Microsoft plans to boot Chrome, Mozilla off of Windows tablets

Microsoft plans to boot Chrome, Mozilla off of Windows tablets
Remember Google’s announcement two months ago that it would be building a Metro-friendly version of Chrome for Windows 8 tablets? Mozilla, creator of the popular Firefox browser, made similar plans, but it turns out that Microsoft doesn’t care much for the idea. While anyone can make a browser that will run on Windows 8 for PCs (that will be the split-personality version that has both a Metro and a more traditional desktop UI), it turns out that Microsoft isn’t making the APIs available that would be needed to make a browser for Windows RT, the version that will run on tablets.

The move creates a bit of cognitive dissonance, since Microsoft was charged with anti-competitive violations by the Department of Justice specifically over their attempt to lock Windows customers into Internet Explorer by giving it away for free on every PC (for those of you who don’t remember, that’s what helped to kill Netscape, whose demise helped spur the advent of Mozilla’s Firefox).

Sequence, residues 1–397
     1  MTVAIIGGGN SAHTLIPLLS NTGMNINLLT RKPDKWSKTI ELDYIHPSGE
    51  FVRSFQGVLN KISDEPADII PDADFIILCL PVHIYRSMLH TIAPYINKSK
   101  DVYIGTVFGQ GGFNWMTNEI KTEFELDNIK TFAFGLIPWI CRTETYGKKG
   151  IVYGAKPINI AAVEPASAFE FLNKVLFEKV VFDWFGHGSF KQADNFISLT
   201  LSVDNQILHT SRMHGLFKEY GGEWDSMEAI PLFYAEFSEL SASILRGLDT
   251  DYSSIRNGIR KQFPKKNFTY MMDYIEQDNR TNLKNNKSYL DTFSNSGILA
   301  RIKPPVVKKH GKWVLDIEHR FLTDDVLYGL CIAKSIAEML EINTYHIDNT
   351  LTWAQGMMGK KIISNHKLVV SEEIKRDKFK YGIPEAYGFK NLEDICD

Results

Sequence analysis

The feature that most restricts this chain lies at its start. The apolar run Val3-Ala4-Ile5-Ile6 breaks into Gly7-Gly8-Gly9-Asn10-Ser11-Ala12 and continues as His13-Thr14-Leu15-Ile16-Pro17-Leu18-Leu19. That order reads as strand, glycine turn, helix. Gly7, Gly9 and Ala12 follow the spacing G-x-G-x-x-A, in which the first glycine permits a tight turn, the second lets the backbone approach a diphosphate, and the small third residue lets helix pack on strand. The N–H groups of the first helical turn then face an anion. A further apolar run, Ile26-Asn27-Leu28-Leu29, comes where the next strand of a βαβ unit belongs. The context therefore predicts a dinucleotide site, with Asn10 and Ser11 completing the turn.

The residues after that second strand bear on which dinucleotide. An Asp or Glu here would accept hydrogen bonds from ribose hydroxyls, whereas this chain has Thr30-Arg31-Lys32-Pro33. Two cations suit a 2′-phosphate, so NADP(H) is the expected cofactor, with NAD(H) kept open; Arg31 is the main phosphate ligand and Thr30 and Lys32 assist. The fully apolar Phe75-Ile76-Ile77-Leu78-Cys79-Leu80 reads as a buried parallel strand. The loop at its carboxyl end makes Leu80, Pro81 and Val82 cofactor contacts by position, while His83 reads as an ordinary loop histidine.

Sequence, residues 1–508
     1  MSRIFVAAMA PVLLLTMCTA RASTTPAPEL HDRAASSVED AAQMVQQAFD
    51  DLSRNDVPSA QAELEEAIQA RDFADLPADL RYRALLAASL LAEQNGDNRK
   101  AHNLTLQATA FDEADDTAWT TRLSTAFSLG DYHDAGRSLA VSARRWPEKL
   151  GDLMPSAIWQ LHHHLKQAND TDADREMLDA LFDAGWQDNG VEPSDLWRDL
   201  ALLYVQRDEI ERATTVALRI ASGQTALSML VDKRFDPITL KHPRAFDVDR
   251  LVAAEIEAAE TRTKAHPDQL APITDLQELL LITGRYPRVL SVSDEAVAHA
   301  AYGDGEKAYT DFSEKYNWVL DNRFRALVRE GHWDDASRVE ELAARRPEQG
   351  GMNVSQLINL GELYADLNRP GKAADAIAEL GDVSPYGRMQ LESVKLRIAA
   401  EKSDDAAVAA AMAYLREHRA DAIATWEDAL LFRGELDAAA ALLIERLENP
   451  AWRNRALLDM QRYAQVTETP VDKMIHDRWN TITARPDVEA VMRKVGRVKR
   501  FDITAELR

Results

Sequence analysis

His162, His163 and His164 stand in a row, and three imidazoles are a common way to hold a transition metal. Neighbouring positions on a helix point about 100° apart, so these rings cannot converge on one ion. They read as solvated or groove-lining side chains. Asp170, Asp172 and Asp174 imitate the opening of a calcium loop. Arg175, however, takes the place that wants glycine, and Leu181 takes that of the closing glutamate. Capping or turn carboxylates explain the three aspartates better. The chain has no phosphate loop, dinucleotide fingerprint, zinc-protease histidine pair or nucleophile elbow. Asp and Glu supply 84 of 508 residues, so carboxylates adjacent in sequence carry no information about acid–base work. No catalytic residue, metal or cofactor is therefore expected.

Of course Microsoft controlled more than 90% of the PC market at the time, while Windows 7 has less than 2% of the smartphone market in the U.S., and they’ll have no serious presence in tablets until the launch of Windows RT later this year. Still, if Microsoft finds success as the market shifts away from PCs to mobile devices, they could potentially lock a lot of people into Internet Explorer, a feat they have not been able to accomplish the last few years as their once-commanding market position has been eroded by competing browsers.